Biosecurity, wildlife and feral animals

Biosecurity includes wild and feral animals because:

  • wild and feral animals may carry diseases that can infect people, including Hendra (via horses) and lyssa viruses, anthrax, 'bird flu', psittacosis, Murray Valley encephalitis, Q Fever, hydatids, toxoplasmosis, Brucella suis, and many of the newly discovered human diseases. Visit the zoonoses page for more information.
  • wild and feral animals may carry diseases that can infect livestock, including Foot-and-mouth disease, Johne's disease, sheep measles, Newcastle disease, leptospirosis and anthrax. Visit the animal health and disease for more information.

Responsibility for wild and feral animal biosecurity is complex, with the Department of Primary Industries and the Livestock Health and Pest Authorities working with other organisations, particularly the Office for Environment and Heritage and Wildlife Health Australia, as well as individuals concerned about wildlife and feral animals.

Frequently Asked Questions (FAQs) about wildlife health and biosecurity

If you have found sick, injured or orphaned wildlife, please contact your local wildlife care organisation, such as WIRES. They can provide advice and take the animal into care or assist in getting the animal to a veterinarian for treatment, if required.

Bats can carry a virus which is fatal to humans - visit this page for more information on Australian Bat Lyssavirus. If you find a sick or injured bat please do not attempt to handle or capture the bat - only trained, vaccinated bat handlers should do this. Contact your local wildlife care organisation, such as WIRES, who have trained staff who can capture bats and handle them safely if necessary. If there has been human or animal exposure to the bat, visit the DPI Australian Bat Lyssavirus web page for more information and ring the NSW DPI Emergency Animal Disease Hotline on 1800 675 888.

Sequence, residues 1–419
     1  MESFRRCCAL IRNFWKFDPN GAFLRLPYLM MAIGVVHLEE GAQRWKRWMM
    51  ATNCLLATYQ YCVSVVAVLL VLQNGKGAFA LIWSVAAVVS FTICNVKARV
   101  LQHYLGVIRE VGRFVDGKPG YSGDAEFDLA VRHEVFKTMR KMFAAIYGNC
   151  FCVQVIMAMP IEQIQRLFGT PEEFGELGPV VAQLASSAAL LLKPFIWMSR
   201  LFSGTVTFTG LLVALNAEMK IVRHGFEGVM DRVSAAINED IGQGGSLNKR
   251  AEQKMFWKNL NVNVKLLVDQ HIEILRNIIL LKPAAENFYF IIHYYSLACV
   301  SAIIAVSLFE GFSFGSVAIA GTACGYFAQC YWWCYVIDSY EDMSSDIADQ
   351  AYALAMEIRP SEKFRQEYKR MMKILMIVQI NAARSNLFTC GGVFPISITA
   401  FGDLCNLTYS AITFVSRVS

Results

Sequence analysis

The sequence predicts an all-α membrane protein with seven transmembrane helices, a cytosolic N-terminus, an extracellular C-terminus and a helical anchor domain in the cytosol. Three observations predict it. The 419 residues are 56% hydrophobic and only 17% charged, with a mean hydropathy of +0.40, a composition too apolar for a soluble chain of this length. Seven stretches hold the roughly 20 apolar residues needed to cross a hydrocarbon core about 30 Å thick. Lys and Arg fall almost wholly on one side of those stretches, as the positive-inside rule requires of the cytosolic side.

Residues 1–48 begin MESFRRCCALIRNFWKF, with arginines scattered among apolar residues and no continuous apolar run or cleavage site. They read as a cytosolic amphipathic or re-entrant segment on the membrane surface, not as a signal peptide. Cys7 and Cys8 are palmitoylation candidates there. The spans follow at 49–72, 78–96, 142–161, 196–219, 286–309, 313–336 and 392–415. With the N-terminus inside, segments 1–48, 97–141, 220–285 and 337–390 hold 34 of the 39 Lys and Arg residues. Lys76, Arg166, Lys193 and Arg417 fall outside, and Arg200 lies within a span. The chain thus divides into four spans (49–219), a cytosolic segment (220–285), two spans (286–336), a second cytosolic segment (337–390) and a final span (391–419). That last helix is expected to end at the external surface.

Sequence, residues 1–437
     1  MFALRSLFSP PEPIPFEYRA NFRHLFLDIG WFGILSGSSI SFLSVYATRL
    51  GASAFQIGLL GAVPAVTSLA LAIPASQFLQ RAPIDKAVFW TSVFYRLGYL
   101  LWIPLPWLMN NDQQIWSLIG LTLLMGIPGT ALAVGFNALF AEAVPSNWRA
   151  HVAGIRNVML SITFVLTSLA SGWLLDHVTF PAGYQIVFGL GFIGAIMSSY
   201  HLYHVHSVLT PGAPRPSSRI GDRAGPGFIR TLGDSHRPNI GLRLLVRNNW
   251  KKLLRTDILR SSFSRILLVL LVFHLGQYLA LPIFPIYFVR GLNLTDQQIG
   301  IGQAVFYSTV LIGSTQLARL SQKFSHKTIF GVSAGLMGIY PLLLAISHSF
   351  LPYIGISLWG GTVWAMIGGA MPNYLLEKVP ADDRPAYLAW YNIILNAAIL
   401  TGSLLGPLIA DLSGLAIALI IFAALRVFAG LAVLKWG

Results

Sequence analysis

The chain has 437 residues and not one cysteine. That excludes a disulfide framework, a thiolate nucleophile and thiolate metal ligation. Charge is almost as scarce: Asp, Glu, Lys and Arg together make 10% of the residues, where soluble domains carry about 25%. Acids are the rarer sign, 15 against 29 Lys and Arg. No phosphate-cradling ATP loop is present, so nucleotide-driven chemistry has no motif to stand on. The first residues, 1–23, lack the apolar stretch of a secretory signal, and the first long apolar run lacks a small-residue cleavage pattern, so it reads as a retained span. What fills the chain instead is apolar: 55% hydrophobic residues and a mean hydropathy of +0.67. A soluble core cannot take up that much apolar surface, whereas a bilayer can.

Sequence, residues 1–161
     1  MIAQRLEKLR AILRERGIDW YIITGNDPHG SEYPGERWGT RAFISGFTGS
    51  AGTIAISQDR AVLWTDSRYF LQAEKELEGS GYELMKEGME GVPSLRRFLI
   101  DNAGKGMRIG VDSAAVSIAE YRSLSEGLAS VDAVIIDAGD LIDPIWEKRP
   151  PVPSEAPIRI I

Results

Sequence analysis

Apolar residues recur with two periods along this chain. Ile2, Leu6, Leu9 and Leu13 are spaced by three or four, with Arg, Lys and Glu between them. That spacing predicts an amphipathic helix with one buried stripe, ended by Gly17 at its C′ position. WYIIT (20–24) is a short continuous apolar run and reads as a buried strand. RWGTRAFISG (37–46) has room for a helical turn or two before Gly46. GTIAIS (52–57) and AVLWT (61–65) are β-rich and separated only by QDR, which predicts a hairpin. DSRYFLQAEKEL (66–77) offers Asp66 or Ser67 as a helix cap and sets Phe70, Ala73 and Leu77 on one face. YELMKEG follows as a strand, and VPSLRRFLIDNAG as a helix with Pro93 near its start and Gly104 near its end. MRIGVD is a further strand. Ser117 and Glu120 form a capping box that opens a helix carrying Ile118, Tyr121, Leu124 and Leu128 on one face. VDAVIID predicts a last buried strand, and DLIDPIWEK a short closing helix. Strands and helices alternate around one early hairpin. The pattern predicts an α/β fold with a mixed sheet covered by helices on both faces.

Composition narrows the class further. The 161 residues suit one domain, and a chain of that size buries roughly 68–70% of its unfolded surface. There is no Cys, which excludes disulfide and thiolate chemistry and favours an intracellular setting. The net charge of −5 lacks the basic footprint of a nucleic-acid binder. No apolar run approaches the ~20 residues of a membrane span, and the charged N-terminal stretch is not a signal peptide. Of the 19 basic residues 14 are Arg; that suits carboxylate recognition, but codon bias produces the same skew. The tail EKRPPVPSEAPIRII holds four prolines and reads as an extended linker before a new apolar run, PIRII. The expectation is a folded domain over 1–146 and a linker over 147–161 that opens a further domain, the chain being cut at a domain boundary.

Emergency animal diseases can have serious consequences for trade, production or human health. See the DPI Emergency Animal Diseases web page to learn more. If you suspect an emergency animal disease or see symptoms or deaths in animals that may be due to an emergency animal disease, don’t delay! Ring the NSW DPI Emergency Animal Disease Hotline (24 hours) on 1800 675 888.

If you suspect an unusual disease incident in wildlife, please contact your Wildlife Health Australia (WHA) State Coordinator. Your local veterinarian or wildlife care organisation may also be able to offer advice on what may be an unusual wildlife disease event in your local area. The coordinator will ask you some questions about the incident, including the location, duration, number of animals and species involved, and their symptoms.

Contact details for your state WHA Coordinator can be found on the WHA website. If you suspect an emergency animal disease, ring the NSW DPI Emergency Animal Disease Hotline (24 hours) on 1800 675 888.

Policy and procedure